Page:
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AM DX'ing, the hobby of listening to radio signals from far away...

Picture of AM DX'ing, the hobby of listening to radio signals from far away...
In this instructable we'll teach you the basics of AM broadcast DX'ing and provide some basics on choosing a radio.

DX'ing is a radio term for looking for radio signals from far away. AM broadcast DX'ing is the hobby of trying to "catch" as many far away AM radio stations as you can. AM broadcast signals by nature can carry for hundreds, if not thousands of miles at night. Radio hobbyist have been DX'ing since radio was first invented over 100 years ago. Many DX'ers keep journals of all the stations they have heard.

This is probably the most rewarding low dollar radio related hobby there is. The stuff you need to get started is probably already in your home. Even if you have none of the items required, you can pick up everything you need to get started for under $10 at the local thrift store. How's that for low buck hobby?

You might be saying...
"I can listen to whatever I want on the internet."

Yes you can. Listening to far away stations via radio though requires skill, some understanding of radio waves, luck, and no dependency on a middle man (the internet). It's just you and the broadcaster with nothing but air between the two of you.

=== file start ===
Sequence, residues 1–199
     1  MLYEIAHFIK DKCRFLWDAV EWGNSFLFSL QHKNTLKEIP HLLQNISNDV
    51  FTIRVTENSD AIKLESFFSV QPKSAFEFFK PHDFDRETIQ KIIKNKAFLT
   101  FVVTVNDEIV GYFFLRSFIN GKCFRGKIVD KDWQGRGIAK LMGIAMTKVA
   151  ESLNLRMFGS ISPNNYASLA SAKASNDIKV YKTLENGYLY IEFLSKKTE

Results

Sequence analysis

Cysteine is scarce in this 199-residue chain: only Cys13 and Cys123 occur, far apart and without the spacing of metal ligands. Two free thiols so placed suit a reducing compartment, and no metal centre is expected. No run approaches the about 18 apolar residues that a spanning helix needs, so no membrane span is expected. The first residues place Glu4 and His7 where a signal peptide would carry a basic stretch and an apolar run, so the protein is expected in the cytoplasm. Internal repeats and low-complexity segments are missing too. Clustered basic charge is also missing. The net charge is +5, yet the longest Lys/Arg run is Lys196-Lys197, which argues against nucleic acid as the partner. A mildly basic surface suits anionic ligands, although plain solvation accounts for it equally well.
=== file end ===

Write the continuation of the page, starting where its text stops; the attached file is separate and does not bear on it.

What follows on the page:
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Ranie-K6 months ago
These are other people's' copyrighted pictures. Please use only your own pictures.
ke4mcl (author)  Ranie-K5 months ago
some pics did indeed come from google however none had any copyright marks or watermarks.
Phil B6 months ago
This is very interesting. I have been a little dismayed, though, that nighttime programming is largely the same nationwide with things like Art Bell's Coast to Coast AM or Gary McNamara's and Eric Harley's Midnight Trucking. Although it is fun to hear that you got a signal from a station across the continent, some of the appeal is lost when the programming is the same as what is playing on a local station. Thanks for all of the technical detail.
ke4mcl (author)  Phil B6 months ago
Syndication can work to your advantage. Say you hear Coast to Coast radio followed up by an ad for a restaurant in Philly but you never catch the station's call letters. You look on the Coast to Coast website and see what stations carry their show. This can help you figure out what station you heard.

This type of detective work is sometimes required when you're using a vintage radio with an inaccurate dial.
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